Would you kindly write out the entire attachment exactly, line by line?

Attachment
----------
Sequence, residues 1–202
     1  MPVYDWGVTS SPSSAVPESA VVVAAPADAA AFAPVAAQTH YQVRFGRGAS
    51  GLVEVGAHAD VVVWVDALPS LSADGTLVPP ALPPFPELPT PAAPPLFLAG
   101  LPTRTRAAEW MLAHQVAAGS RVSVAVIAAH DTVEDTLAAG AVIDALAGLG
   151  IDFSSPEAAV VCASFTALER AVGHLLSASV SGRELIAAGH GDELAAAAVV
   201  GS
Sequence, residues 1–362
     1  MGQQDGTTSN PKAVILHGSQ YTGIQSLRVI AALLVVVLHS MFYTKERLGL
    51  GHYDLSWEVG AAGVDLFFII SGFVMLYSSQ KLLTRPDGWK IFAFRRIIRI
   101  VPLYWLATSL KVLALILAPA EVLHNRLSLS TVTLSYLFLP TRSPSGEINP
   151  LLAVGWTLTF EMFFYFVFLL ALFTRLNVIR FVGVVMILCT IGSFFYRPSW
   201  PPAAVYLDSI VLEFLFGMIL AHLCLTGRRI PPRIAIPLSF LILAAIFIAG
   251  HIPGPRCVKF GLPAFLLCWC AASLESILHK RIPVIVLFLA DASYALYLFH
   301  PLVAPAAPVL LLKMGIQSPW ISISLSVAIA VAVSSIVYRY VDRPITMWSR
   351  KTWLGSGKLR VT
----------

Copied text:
Sequence, residues 1–202
     1  MPVYDWGVTS SPSSAVPESA VVVAAPADAA AFAPVAAQTH YQVRFGRGAS
    51  GLVEVGAHAD VVVWVDALPS LSADGTLVPP ALPPFPELPT PAAPPLFLAG
   101  LPTRTRAAEW MLAHQVAAGS RVSVAVIAAH DTVEDTLAAG AVIDALAGLG
   151  IDFSSPEAAV VCASFTALER AVGHLLSASV SGRELIAAGH GDELAAAAVV
   201  GS
Sequence, residues 1–362
     1  MGQQDGTTSN PKAVILHGSQ YTGIQSLRVI AALLVVVLHS MFYTKERLGL
    51  GHYDLSWEVG AAGVDLFFII SGFVMLYSSQ KLLTRPDGWK IFAFRRIIRI
   101  VPLYWLATSL KVLALILAPA EVLHNRLSLS TVTLSYLFLP TRSPSGEINP
   151  LLAVGWTLTF EMFFYFVFLL ALFTRLNVIR FVGVVMILCT IGSFFYRPSW
   201  PPAAVYLDSI VLEFLFGMIL AHLCLTGRRI PPRIAIPLSF LILAAIFIAG
   251  HIPGPRCVKF GLPAFLLCWC AASLESILHK RIPVIVLFLA DASYALYLFH
   301  PLVAPAAPVL LLKMGIQSPW ISISLSVAIA VAVSSIVYRY VDRPITMWSR
   351  KTWLGSGKLR VT